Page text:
Frida died Saturday afternoon. It was my fault.
You may or may not know I love animals. You may or may not know I've rescued several dogs from the street. Some I bring home, bathe and feed, take to the vet, get them their shots and basic medical care (including spaying or neutering). When they're in good shape, I look for a home for them.
I'm worse than any adoption agency in terms of selection, and I rarely find acceptable parents. That's why I've given away only two dogs, and why I've kept four.
Frida was our second dog, and the first one my boyfriend named. She came to us in November 2008, skinny and terrified of everything. She looked like a miniature strawberry-blond Chow Chow. We had no way of knowing how old she was. The vet guessed around four or five--she'd had puppies maybe twice, but her teeth were worn, and her chin showed a few white hairs.
Frida was a sensitive dog, very quiet, painfully meek. She must have known hunger, but she always waited politely for her food. Sometimes she wouldn't eat, but just as we started to worry, she'd start again. She gained some weight, built up some muscle. With time, she stopped flinching at sudden movements, and learned to play--apparently she'd never seen a ball, had never had one thrown for her.
She liked to sleep on top of flower pots, we could never figure out why.
My favorite image is of her at St. Jorisbaai, a semi-beach area where I take the dogs free-ranging. She'd pump her short little legs to keep up with her bigger sisters. The wind would flap her short ears, make the tufts of her tail flutter. Tongue lolling, racing back and forth, she was the picture of happiness.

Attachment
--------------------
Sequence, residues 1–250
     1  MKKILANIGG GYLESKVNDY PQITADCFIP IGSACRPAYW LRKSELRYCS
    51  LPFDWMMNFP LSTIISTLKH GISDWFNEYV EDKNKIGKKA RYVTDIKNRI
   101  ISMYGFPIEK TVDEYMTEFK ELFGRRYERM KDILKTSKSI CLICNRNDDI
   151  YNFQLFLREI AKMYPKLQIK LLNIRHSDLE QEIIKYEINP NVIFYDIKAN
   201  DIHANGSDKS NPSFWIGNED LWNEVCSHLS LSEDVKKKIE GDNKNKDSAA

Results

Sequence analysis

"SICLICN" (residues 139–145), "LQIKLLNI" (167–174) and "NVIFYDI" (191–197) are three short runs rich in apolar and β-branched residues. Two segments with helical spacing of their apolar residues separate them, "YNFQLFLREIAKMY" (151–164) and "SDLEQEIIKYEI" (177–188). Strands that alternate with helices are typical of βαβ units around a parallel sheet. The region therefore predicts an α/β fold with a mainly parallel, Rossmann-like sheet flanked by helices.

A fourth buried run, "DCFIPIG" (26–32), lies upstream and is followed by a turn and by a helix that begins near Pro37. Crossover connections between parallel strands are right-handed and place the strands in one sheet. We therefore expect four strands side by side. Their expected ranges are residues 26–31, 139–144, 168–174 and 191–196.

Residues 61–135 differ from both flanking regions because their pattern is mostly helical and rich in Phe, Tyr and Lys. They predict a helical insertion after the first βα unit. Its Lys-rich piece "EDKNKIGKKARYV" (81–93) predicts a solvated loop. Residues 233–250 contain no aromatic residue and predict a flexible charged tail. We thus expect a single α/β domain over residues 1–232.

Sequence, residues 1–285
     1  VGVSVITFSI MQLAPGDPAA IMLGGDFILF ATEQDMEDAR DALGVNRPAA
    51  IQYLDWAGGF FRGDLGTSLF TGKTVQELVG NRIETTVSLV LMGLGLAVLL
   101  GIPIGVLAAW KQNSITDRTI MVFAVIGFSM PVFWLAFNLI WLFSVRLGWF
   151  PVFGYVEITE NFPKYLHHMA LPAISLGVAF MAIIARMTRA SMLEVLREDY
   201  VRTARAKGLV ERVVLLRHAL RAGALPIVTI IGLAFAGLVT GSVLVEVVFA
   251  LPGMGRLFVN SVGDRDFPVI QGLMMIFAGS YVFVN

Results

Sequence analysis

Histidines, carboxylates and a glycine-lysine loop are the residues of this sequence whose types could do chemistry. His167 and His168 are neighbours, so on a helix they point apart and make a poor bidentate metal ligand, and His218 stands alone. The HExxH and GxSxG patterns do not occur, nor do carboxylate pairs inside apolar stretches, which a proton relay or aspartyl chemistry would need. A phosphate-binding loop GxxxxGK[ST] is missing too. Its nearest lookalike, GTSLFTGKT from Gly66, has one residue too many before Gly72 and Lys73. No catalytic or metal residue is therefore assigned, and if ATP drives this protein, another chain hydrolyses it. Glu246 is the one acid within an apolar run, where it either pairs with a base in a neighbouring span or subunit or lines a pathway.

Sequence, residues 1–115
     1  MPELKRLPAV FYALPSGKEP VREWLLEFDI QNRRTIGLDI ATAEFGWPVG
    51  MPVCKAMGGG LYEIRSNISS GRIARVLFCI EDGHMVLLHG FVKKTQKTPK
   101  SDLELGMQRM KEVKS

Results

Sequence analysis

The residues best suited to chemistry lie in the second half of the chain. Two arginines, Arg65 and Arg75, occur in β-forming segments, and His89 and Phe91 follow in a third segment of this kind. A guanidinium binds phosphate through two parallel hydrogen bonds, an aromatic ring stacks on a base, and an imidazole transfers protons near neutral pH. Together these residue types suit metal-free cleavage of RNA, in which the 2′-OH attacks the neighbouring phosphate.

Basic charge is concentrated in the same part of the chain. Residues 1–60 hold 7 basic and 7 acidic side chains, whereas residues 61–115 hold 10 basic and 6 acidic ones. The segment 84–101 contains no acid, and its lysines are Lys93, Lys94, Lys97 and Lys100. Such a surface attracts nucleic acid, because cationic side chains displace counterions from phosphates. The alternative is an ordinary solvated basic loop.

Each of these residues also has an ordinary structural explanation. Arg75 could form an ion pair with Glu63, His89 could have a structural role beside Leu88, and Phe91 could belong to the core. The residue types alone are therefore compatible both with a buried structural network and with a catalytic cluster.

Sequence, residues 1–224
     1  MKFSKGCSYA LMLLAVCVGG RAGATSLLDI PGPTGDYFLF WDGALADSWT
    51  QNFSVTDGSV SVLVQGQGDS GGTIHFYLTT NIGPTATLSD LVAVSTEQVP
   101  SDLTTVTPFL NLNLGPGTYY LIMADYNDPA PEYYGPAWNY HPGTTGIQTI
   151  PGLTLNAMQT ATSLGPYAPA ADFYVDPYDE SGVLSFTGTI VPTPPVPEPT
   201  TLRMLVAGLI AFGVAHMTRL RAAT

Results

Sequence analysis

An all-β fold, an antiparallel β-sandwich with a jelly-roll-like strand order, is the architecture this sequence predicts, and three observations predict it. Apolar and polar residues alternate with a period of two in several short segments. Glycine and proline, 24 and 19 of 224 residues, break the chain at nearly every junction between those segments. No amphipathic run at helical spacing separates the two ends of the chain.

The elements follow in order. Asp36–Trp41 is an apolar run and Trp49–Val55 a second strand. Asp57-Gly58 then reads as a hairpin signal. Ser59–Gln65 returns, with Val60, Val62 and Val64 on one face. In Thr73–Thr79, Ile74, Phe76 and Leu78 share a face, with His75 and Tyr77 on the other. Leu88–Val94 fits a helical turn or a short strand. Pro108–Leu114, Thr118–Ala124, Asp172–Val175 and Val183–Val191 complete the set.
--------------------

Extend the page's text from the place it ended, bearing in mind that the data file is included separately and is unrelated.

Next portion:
A week ago she didn't seem to have much of an appetite. On Tuesday she didn't eat at all, and on Wednesday again--nothing. I took her to the vet on Thursday, and he said she had tick fever. Those hideous parasites are everywhere in this island, impossible to eradicate even with Frontline and weekly anti-tick baths. She got a triple shot of antibiotics as the start of a two-week course.
Bloodwork showed her white cell count was up; she was fighting some kind of infection, but there wasn't a fever. The vet said let's watch her over the weekend. If she didn't improve, we'd get more extensive bloodwork done on Monday.
But we were out of time. On Friday I had to force-feed the antibiotic down her throat because she wouldn't eat it, not even wrapped in a chunk of liverwurst. She did want water. Except she threw it up every time.
In the afternoon I called the vet, and he suggested we put her on an IV for the weekend. She'd get enough fluids (and the antibiotic she needed). On Monday, when the lab opened, we'd get more blood tests done.
I took her to the vet's office Saturday morning. She had no fight left in her, so the IV in her front paw went without a hitch. We put her in a plastic transportation kennel with a clean towel of mine. The vet shooed me out and told me he'd call later to give me an update.
When I saw her last, she was looking out at me from behind the metal of the kennel door, panting. Her eyes were wide and scared, and a little voice told me, don't leave--she's too sensitive, too weak.
I left anyway.
At four o'clock I got the call. At six we picked up her body, wrapped in the same towel (now soiled). At seven-thirty we shoveled soil on top of her, now wrapped in a clean sheet. I couldn't bear the thought of the dirty towel being her shroud.
I can't forgive myself for this. I'm trying, but... I can't.